Over 40% of our nation’s assessed waters are too polluted for fishing or swimming. The Clean Water Act of 1972 called for states to provide a comprehensive list of polluted waters and develop pollution budgets, or Total Maximum Daily Loads (TMDL), for waters impaired by point and nonpoint sources of pollution. Why has the TMDL program remained dormant for over 25 years? Many argue that states simply do not have adequate funding and need additional analytical methods and technical assistance to effectively assess and implement TMDLs, especially for nonpoint sources. But even with adequate state resources, there is dispute that the science has not been and is still not adequate enough to pinpoint and assess a pollutant’s origin and quantity.
In 1972, the Federal Water Pollution Act of 1948 (commonly referred to as the Clean Water Act) was drastically changed in response to widespread concern that water quality standards were flawed, that pollution cleanup efforts were slow, and that control technologies were being developed but not adequately applied. The 1972 amendments provided a number of tools to achieve cleaner water. States and the Environmental Protection Agency (EPA) over the past 25 years focused mainly on the more easily monitored and measured point source pollution, with progressively more stringent technology requirements administered by the EPA and implemented by state and local governments to control and regulate the discharge of pollutants at the point source. Despite the stringent point source pollution standards, the National Water Quality Inventory lists sediments, nutrients, and pathogens as the top three sources of impairment, reflecting that much of the inability for states to reach water quality standards is due to nonpoint source pollution. Although not explicitly stated in the Clean Water Act (CWA), Pronsolino v. Marcus (ND.Cal. C-99-01828, March 30, 2000) has determined that nonpoint sources fall under the jurisdiction of regulation by the EPA under the TMDL program and are to be incorporated into the continuing planning process of the states.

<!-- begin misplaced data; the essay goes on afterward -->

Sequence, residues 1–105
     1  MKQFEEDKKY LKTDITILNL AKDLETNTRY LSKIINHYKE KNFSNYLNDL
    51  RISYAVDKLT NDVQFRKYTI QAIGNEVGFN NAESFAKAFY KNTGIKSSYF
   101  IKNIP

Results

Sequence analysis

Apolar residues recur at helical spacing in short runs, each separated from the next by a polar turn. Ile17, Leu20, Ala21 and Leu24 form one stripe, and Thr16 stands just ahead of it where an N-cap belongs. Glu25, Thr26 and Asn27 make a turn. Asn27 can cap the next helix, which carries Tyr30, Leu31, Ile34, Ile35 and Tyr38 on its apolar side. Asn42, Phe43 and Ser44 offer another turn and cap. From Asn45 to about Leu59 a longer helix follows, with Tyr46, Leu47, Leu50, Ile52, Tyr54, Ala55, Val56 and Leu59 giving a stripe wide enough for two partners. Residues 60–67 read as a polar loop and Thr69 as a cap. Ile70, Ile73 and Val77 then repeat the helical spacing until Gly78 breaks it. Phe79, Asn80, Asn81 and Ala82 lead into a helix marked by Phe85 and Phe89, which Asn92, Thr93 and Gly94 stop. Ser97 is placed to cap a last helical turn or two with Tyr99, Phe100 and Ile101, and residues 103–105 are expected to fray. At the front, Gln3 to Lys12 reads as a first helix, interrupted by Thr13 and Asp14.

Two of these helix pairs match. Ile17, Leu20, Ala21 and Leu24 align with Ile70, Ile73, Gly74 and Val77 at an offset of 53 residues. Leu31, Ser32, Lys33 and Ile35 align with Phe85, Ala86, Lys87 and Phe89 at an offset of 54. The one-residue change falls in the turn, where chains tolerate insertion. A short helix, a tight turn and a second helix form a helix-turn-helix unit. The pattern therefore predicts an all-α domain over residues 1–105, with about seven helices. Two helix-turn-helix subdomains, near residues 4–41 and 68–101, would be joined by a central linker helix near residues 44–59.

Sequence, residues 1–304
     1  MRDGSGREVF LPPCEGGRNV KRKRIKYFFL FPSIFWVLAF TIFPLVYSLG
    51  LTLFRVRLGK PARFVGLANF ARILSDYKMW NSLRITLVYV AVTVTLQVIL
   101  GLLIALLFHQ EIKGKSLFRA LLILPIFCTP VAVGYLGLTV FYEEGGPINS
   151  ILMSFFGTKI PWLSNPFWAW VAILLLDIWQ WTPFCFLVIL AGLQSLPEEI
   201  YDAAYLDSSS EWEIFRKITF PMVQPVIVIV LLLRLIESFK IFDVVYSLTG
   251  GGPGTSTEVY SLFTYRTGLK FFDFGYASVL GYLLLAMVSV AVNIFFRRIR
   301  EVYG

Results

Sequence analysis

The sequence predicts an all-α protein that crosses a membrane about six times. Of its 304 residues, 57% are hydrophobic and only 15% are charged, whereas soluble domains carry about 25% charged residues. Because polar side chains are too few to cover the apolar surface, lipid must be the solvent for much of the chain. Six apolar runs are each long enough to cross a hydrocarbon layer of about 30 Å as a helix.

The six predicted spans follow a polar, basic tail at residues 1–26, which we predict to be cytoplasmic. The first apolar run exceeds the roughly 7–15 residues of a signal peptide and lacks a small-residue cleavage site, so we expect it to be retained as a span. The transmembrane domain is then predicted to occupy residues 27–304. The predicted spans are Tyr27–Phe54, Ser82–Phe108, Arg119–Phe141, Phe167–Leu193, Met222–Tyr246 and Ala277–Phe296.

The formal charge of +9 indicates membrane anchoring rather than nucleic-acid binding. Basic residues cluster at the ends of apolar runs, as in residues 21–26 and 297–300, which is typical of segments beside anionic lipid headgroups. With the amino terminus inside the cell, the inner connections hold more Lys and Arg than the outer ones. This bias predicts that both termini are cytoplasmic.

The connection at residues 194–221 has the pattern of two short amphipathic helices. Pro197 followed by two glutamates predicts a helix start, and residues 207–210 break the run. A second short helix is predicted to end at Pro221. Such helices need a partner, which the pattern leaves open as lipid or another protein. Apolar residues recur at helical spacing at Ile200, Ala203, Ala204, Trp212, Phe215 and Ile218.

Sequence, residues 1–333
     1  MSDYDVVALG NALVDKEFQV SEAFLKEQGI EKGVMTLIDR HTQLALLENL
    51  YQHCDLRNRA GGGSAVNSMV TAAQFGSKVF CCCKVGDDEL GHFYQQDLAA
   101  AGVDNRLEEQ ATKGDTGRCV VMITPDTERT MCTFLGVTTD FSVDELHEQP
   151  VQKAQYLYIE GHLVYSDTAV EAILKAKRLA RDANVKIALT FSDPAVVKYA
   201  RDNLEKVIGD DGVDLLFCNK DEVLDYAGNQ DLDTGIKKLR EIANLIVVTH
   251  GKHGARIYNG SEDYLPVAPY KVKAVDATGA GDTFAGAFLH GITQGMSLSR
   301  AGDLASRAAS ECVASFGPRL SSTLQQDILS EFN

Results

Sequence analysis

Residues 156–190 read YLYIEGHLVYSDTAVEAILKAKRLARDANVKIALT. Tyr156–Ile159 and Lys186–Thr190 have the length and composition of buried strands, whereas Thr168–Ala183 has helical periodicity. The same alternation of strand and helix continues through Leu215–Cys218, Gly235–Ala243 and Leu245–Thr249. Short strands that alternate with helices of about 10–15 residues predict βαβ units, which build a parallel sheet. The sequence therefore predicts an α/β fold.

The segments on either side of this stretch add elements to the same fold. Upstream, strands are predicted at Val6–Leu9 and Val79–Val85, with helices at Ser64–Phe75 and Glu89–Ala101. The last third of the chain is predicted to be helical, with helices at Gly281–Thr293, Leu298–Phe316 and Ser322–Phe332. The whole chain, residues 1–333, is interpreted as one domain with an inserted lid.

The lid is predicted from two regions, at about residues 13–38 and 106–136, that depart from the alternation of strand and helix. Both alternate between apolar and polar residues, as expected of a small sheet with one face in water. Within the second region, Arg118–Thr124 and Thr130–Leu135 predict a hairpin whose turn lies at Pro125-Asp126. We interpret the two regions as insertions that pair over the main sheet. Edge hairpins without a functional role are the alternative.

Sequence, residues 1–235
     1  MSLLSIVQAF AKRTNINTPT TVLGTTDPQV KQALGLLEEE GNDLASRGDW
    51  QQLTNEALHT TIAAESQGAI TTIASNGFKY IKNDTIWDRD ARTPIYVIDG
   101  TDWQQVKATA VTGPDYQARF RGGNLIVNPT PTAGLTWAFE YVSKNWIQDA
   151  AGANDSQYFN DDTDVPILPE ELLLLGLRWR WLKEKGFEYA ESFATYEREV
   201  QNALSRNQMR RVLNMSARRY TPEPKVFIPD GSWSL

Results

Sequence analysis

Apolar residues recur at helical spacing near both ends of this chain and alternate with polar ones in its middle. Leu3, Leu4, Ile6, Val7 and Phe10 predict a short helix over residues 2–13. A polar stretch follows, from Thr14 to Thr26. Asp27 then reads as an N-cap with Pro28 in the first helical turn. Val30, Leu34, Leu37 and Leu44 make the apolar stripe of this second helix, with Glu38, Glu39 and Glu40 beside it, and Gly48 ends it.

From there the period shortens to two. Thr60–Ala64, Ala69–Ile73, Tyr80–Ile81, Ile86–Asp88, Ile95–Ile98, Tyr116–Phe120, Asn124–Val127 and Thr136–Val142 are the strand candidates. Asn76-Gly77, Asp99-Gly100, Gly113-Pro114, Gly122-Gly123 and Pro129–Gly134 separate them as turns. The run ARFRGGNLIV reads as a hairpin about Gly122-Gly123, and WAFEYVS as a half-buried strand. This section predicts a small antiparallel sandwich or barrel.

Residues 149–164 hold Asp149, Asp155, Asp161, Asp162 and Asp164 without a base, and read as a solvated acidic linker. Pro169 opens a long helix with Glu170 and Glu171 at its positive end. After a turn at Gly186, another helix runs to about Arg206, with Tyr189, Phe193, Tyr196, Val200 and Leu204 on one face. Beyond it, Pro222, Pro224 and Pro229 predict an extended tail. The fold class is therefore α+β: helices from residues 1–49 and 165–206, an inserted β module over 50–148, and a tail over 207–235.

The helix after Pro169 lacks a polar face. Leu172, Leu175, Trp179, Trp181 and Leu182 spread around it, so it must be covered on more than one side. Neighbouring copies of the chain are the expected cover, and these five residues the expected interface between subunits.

Revising the Rules